There are major pressures on Alberta’s health-care system as a result of increasing COVID-19 cases.
According to Alberta Health Services (AHS), roughly 30 per cent of scheduled, non-emergency surgeries and some ambulatory care clinic visits have been postponed in the Edmonton Zone.
Roughly 235 surgeries were delayed from late October through to Nov. 2 and 95 per week have been postponed since then.
That also includes about 12 surgeries per week at the Stollery Children’s Hospital.
“Postponing surgeries is a necessary step to ensure the healthcare system can sustain its pandemic response and be able to respond to emergencies,” AHS said in an email to Global News.
“The decision was made to ensure AHS has the staff, equipment and beds available for the increased demand caused by COVID-19.
“It allows frontline teams to be redeployed to other areas to meet demand and ease pressure points.”
To help reduce the strain, AHS initiated surge capacity measures last month.
That means, in part, cutting back on scheduled or elective surgeries that may need an overnight hospital stay.
“AHS is able to increase the amount of hospital spaces available to patients with COVID if they reduce the number of other patients in hospital,” chief medical officer of health Dr. Deena Hinshaw said Wednesday.
“There are consequences to these measures, in delayed access to non-COVID care.”
Effects of COVID-19 on hospital care services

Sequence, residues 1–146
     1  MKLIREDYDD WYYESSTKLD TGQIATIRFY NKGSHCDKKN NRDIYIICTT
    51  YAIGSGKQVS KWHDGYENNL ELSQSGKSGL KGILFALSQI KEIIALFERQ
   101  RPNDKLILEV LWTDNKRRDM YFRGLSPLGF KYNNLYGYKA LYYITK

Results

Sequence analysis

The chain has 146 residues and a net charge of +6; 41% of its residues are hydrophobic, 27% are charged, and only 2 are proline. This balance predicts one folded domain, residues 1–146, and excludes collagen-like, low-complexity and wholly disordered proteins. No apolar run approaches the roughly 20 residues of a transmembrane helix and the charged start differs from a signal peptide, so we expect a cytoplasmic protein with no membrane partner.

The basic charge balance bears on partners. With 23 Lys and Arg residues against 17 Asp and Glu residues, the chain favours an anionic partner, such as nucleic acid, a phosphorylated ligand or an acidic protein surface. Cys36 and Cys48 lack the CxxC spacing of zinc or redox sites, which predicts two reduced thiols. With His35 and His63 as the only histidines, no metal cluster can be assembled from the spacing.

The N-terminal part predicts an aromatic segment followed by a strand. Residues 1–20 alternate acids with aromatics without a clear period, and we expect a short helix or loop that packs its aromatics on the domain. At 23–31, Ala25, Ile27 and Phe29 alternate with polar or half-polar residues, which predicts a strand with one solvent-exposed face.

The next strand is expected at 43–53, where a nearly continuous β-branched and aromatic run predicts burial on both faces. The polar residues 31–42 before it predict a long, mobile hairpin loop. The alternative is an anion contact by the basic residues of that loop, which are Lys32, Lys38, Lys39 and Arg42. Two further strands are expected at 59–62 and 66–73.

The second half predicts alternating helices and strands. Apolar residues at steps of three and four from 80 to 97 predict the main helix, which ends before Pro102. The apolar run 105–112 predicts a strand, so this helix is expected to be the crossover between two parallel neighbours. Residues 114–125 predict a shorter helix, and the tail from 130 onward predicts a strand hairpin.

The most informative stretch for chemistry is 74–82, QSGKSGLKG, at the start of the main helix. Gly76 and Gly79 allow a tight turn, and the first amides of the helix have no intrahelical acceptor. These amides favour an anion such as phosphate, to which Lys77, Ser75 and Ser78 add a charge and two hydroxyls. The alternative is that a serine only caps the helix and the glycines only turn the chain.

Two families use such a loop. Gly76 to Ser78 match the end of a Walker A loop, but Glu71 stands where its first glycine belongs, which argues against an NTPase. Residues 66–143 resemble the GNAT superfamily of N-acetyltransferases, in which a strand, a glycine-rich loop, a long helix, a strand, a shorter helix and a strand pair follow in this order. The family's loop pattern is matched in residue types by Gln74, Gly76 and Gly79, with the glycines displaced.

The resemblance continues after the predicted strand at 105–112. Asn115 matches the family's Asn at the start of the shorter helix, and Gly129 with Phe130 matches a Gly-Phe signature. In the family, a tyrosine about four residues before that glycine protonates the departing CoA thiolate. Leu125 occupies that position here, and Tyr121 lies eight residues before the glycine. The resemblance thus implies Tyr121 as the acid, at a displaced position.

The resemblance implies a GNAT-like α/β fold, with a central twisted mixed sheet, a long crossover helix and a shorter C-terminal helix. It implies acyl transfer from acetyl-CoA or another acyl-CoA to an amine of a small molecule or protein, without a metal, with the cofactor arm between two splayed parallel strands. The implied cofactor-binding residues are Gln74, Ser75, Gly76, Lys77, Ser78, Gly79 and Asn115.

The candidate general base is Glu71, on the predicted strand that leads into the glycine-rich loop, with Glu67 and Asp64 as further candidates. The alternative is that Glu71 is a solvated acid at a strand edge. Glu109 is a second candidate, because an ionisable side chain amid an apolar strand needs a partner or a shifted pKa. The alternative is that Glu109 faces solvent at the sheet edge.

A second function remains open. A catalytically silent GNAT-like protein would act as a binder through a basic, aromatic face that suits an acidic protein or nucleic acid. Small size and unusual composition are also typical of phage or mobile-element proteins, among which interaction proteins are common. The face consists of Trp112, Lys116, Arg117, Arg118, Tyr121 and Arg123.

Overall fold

A report from the Canadian Institute for Health Information (CIHI) released Thursday indicates, nationally, from March to June 2020, overall surgery numbers fell 47 per cent compared to 2019.
That’s about 335,000 fewer surgeries.
Cancellations of planned surgeries varied according to urgency. Life-saving and urgent procedures declined the least — down by between 17 and 21 per cent.
“Procedures in this category included pacemaker insertions, bypass surgeries, cancer surgeries and fracture repairs,” the report reads.
Surgeries for less-urgent conditions like rhinoplasties and vasectomies saw up to an 80 per cent decrease.
According to the CIHI report, April saw the lowest number of surgeries — a major factor in the 36 per cent decrease in hospital admissions, which eventually rebounded to 75 per cent of 2019 levels by June.
Effects of delaying surgeries
University of Toronto bioethicist, Kerry Bowman, said it’s difficult to fully understand the effects of postponing thousands of surgeries.
“There’s the physical, there’s the psychological and the incredible stress this will put on individuals and families — it’s very hard to measure,” he said.
“With things like cancer detection, cancer intervention, cancer surgery… the implications can be very serious.”
Bowman said right now it’s a balancing act between medical and human need.
“Even if you’re treating people for COVID — how long are you treating them for as compared to how many people you’re pushing off? It’s ethically extremely problematic.”
Ultimately, he said, it’s hard to tell how long it’s going to take to resolve.
“You delay a screening procedure, you delay this, you delay that — you’d almost have to research every one of these cases to fully see how this is going to play out over time,” Bowman explained.
Hindsight, according to Bowman, is going to be painful.
“I’m kind of horrified that there’s going to be books and studies and reports coming out in 2023, looking at the decisions we made and how many mistakes we made,” he said.
“But it’s still very hard right in the moment to make good decisions about this.”
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